As a general rule, a command requires braces if it mingles among other text; but it does not need braces if it starts a line of its own. The non-alphabetic commands, such as @:, are exceptions to the rule; they do not need braces.

As you gain experience with Texinfo, you will rapidly learn how to write the different commands: the different ways to write commands actually make it easier to write and read Texinfo files than if all commands followed exactly the same syntax. See section @-Command Syntax, for all the details.

[ < ] [ > ]   [ << ] [ Up ] [ >> ]         [Top] [Contents] [Index] [ ? ]

1.7 General Syntactic Conventions

This section describes the general conventions used in all Texinfo documents.

[ < ] [ > ]   [ << ] [ Up ] [ >> ]         [Top] [Contents] [Index] [ ? ]


You can write comments in a Texinfo file that will not appear in either the Info file or the printed manual by using the @comment command (which may be abbreviated to @c). Such comments are for the person who revises the Texinfo file. All the text on a line that follows either @comment or @c is a comment; the rest of the line does not appear in either the Info file or the printed manual.

Often, you can write the @comment or @c in the middle of a line, and only the text that follows after the @comment or @c command does not appear; but some commands, such as @settitle and @setfilename, work on a whole line. You cannot use @comment or @c in a line beginning with such a command.

You can write long stretches of text that will not appear in either the Info file or the printed manual by using the @ignore and @end ignore commands. Write each of these commands on a line of its own, starting each command at the beginning of the line. Text between these two commands does not appear in the processed output. You can use @ignore and @end ignore for writing comments.

Text enclosed by @ignore or by failing @ifset or @ifclear conditions is ignored in the sense that it will not contribute to the formatted output. However, TeX and makeinfo must still parse the ignored text, in order to understand when to stop ignoring text from the source file; that means that you may still get error messages if you have invalid Texinfo commands within ignored text.

[ < ] [ > ]   [ << ] [ Up ] [ >> ]         [Top] [Contents] [Index] [ ? ]

1.9 What a Texinfo File Must Have

By convention, the name of a Texinfo file ends with (in order of preference) one of the extensions ‘.texinfo’, ‘.texi’, ‘.txi’, or ‘.tex’. The longer extensions are preferred since they describe more clearly to a human reader the nature of the file. The shorter extensions are for operating systems that cannot handle long file names.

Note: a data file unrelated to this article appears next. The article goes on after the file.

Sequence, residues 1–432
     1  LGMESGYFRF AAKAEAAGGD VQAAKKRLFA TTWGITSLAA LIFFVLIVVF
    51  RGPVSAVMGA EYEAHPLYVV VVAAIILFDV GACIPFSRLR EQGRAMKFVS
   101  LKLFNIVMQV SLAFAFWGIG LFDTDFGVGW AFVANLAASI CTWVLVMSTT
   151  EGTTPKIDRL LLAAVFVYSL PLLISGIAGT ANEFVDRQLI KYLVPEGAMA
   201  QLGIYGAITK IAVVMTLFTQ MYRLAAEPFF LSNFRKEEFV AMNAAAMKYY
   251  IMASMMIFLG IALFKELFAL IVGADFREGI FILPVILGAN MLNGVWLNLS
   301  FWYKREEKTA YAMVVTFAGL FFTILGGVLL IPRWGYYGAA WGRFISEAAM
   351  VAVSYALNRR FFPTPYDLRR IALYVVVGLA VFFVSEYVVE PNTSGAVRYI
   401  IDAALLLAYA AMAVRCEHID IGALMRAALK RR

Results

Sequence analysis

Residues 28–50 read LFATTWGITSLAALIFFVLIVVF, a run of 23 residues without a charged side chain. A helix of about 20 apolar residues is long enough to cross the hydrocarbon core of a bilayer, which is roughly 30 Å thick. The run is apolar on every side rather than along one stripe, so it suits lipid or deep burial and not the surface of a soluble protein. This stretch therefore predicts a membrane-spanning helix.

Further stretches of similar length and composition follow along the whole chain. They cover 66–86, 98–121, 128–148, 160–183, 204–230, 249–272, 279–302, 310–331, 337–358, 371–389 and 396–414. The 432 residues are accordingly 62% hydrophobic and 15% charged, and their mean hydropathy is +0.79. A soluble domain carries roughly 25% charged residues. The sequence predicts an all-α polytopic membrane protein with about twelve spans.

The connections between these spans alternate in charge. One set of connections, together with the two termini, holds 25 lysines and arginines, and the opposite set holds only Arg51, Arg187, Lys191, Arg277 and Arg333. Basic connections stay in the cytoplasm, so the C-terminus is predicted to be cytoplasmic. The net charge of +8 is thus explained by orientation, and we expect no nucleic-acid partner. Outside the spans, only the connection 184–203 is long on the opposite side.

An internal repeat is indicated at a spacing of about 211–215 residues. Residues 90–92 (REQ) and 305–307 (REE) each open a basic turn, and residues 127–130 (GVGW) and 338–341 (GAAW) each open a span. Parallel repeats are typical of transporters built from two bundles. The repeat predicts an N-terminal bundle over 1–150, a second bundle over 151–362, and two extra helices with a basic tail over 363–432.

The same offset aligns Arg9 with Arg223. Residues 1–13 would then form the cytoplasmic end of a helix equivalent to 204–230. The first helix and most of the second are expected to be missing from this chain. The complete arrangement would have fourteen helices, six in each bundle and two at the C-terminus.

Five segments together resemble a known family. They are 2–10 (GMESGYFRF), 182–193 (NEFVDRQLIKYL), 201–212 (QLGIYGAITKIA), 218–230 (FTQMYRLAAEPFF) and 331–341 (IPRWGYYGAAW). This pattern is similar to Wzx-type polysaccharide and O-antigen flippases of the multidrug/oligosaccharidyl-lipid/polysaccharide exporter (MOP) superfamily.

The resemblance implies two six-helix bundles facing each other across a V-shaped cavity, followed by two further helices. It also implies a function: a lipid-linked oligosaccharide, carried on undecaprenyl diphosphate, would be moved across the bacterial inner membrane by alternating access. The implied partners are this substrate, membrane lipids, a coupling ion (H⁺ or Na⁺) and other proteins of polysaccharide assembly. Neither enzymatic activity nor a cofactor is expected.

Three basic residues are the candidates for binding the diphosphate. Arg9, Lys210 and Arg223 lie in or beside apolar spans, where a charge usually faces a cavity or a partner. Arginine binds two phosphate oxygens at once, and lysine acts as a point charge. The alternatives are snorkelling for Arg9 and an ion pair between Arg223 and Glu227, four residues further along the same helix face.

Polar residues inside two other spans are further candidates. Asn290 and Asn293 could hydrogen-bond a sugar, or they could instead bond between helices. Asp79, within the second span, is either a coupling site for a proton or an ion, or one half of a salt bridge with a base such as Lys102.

In order to be made into a printed manual and an Info file, a Texinfo file must begin with lines like this:

\input texinfo
@setfilename info-file-name
@settitle name-of-manual

The contents of the file follow this beginning, and then you must end a Texinfo file with a line like this:


Here’s an explanation:

Typically, you will not use quite such a spare format, but will include mode setting and start-of-header and end-of-header lines at the beginning of a Texinfo file, like this:

\input texinfo   @c -*-texinfo-*-
@c %**start of header
@setfilename info-file-name
@settitle name-of-manual
@c %**end of header

In the first line, ‘-*-texinfo-*-’ causes XEmacs to switch into Texinfo mode when you edit the file.

The @c lines which surround the @setfilename and @settitle lines are optional, but you need them in order to run TeX or Info on just part of the file. (See section Start of Header.)

Furthermore, you will usually provide a Texinfo file with a title page, indices, and the like, all of which are explained in this manual. But the minimum, which can be useful for short documents, is just the three lines at the beginning and the one line at the end.

[ < ] [ > ]   [ << ] [ Up ] [ >> ]         [Top] [Contents] [Index] [ ? ]

1.10 Six Parts of a Texinfo File

Generally, a Texinfo file contains more than the minimal beginning and end described in the previous section—it usually contains the six parts listed below. These are described fully in the following sections.

1. Header

The Header names the file, tells TeX which definitions file to use, and other such housekeeping tasks.

2. Summary and Copyright

The Summary and Copyright segment describes the document and contains the copyright notice and copying permissions. This is done with the @copying command.

3. Title and Copyright

The Title and Copyright segment contains the title and copyright pages for the printed manual. The segment must be enclosed between @titlepage and @end titlepage commands. The title and copyright page appear only in the printed manual.

4. ‘Top’ Node and Master Menu

The ‘Top’ node starts off the online output; it does not appear in the printed manual. We recommend including the copying permissions here as well as the segments above. And it contains at least a top-level menu listing the chapters, and possibly a Master Menu listing all the nodes in the entire document.

5. Body

The Body of the document is typically structured like a traditional book or encyclopedia, but it may be free form.

6. End

The End segment may contain commands for printing indices, and closes with the @bye command on a line of its own.